Exploring Differences in Perceptions of Gentrification, Neighborhood Satisfaction, Social Cohesion, and Health Among Residents of Two Predominantly African American Pittsburgh Neighborhoods (N = 60)


Gentrification often leads to changes in the social and physical environment of neighborhoods, which social capital theory has found are connected to aspects of resident health and wellbeing. A growing body of literature has explored the impact of gentrification on health and wellbeing of residents. The goal of this study is to qualitatively explore the ways in which gentrification may have impacted perceptions of neighborhood satisfaction, social cohesion, and health of neighborhood residents (n = 60) from two predominantly Black neighborhoods in Pittsburgh, Pennsylvania, one of which experienced Black gentrification during the study’s time period. This analysis is unique in its ability to capture experiences of residents who remained in their neighborhood throughout the course of the study, as well as those who moved away from their neighborhood.


Participants were randomly selected from a larger cohort enrolled in a quasi-experimental study and categorized by whether they lived in a census tract that gentrified, whether they owned or rented their home, and whether they moved from the neighborhood or remained in the same place of residence between 2011 and 2018. Phone interviews lasting approximately 30 min were conducted with participants and were audio recorded and transcribed verbatim. Participants were provided a $40 gift card for their time. Interview data were analyzed using a directed content approach, and Cohen’s Kappa was obtained (k = 0.924) to signal good inter-rater reliability.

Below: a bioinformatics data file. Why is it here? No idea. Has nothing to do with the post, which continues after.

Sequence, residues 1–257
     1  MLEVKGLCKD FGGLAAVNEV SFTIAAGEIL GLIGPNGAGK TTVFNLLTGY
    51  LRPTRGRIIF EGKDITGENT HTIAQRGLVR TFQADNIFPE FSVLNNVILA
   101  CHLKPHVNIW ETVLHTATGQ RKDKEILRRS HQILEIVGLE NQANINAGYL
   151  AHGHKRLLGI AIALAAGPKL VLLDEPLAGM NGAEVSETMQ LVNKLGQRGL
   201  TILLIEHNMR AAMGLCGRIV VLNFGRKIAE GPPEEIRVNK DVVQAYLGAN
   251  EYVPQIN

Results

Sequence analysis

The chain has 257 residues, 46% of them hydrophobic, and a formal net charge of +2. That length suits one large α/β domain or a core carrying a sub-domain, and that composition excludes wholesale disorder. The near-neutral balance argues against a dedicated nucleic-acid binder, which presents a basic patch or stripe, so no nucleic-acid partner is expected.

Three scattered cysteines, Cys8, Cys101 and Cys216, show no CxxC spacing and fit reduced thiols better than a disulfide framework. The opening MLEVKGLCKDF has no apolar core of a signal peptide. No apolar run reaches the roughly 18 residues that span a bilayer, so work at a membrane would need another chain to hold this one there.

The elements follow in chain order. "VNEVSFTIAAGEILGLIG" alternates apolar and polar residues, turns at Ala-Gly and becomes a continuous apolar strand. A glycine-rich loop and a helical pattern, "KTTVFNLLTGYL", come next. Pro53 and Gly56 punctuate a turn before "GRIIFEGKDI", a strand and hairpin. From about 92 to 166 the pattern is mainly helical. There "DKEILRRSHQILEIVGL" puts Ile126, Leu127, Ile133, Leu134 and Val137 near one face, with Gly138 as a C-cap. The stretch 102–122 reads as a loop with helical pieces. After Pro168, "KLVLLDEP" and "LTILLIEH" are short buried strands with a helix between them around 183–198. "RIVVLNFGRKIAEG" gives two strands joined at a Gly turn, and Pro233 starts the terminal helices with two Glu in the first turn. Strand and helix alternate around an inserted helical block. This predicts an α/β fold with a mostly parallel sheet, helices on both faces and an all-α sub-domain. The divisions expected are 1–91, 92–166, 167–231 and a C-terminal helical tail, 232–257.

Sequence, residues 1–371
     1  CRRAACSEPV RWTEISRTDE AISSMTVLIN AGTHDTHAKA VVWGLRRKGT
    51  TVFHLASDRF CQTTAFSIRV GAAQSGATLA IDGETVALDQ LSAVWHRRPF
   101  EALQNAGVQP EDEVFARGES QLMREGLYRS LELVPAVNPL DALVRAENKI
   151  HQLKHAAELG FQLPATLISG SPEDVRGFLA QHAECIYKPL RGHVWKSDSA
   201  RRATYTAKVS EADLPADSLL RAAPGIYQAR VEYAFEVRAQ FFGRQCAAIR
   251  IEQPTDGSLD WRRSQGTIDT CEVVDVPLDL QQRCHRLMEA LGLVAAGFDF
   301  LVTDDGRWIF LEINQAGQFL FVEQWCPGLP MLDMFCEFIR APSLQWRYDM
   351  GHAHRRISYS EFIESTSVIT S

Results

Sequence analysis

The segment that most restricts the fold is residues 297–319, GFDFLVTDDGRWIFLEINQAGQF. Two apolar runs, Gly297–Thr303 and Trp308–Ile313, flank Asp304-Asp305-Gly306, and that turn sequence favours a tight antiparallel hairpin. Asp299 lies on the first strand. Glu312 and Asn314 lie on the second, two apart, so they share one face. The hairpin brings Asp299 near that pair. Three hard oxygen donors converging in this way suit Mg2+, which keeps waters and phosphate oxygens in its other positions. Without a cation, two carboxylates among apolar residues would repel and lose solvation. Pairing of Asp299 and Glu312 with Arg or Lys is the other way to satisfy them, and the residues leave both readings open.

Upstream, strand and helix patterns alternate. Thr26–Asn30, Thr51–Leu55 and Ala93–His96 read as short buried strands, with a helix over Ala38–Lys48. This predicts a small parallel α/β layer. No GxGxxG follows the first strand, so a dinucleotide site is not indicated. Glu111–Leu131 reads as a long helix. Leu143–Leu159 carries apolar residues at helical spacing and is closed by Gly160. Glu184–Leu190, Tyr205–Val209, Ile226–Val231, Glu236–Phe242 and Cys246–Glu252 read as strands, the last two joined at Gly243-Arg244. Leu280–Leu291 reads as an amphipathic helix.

Results showed renters in gentrified census tracts overwhelmingly viewed gentrification trends as a negative change compared to homeowners. Overall, participants from gentrified census tracts reported being relatively satisfied with their neighborhood, though some suggested there were fewer resources in the neighborhood over time; felt their social cohesion had deteriorated over time; and more commonly reflected negative health changes over time.


These findings suggest that while gentrification can bring much needed improvements to neighborhoods, it can also bring other disruptive changes that affect the health and wellbeing of existing residents.

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